[summary: Arguendo, when some particular proposed AI safety measures is alleged to be inherently opposed to the useful work the AI is meant to do.

We could use the metaphor of a scissors and its dangerous blades. We can have a "safety scissors" that is only *just* sharp enough to cut paper, but this is still sharp enough to do some damage if you work at it. If you make the scissors *even safer* by encasing the dangerous blades in foam rubber, the scissors can't cut paper any more; and if it *can* cut paper, it's still unsafe. Maybe you can cut clay, but nobody knows how to do a sufficiently large amount of good by cutting clay.

Similarly, there's an obvious way to cut down the output of an Oracle AGI to the point where all it can do is tell us that a proposed theorem is provable from the axioms of Zermelo-Fraenkel set theory. Unfortunately, nobody knows how to use a ZF provability oracle to save the world.]

"This type of safety implies uselessness" (or conversely, "any AI powerful enough to be useful will still be unsafe") is an accusation leveled against a proposed AI safety measure that must, to make the AI safe, be enforced to the point that it will make the AI useless.

For a non-AI metaphor, consider a scissors and its dangerous blades. We can have a "safety scissors" that is only *just* sharp enough to cut paper - but this is still sharp enough to do some damage if you work at it. If you try to make the scissors *even safer* by encasing the dangerous blades in foam rubber, the scissors can't cut paper any more. If the scissors *can* cut paper, it's still unsafe. Maybe you could in principle cut clay with a scissors like that, but this is no defense unless you can tell us something very useful that can be done by cutting clay.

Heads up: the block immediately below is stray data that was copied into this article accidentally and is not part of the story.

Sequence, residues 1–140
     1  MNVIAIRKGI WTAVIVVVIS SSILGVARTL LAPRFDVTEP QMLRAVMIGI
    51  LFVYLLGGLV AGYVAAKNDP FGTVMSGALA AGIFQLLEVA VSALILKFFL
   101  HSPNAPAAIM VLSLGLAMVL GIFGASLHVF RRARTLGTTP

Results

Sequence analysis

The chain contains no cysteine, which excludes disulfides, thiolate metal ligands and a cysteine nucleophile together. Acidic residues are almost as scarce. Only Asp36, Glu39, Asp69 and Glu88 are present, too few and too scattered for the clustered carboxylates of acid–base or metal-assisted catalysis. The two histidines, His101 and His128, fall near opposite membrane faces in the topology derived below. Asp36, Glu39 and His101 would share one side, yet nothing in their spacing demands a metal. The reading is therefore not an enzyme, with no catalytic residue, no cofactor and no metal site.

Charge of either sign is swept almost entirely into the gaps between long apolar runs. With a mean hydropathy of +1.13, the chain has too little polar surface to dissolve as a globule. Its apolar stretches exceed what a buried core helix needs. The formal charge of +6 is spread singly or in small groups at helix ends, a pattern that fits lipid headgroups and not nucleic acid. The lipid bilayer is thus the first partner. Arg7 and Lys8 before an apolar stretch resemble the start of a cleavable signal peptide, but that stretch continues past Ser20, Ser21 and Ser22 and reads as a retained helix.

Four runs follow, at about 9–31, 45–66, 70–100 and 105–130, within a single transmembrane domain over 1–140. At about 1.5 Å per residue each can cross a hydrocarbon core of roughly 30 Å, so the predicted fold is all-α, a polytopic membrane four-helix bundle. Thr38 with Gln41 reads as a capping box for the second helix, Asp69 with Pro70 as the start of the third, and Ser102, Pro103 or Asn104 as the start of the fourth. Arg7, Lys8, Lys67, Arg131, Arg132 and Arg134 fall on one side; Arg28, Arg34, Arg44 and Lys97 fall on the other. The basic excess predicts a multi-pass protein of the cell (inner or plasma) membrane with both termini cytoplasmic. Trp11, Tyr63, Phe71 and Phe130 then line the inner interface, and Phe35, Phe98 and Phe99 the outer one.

Similarly, there's an obvious way to try cutting down the allowed output of an Oracle AGI to the point where all it can do is tell us that a given theorem is provable from the axioms of Zermelo-Fraenkel set theory. This might prevent the AGI from hacking the human operators into letting it out, since all that can leave the box is a single yes-or-no bit, sent at some particular time. An untrusted superintelligence inside this scheme would have the option of strategically not telling us when a theorem *is* provable in ZF; but if the bit from the proof-verifier said that the input theorem was ZF-provable, we could very likely trust that.

But now we run up against the problem that nobody knows how to actually save the world by virtue of sometimes knowing for sure that a theorem is provable in ZF. The scissors has been blunted to where it's probably completely safe, but can only cut clay; and nobody knows how to do *enough* good by cutting clay.

# Ideal models of "safe but useless" agents

Should you have cause to do a mathematical study of this issue, then an excellent ideal model of a safe but useless agent, embodying maximal safety and minimum usefulness, would be a rock.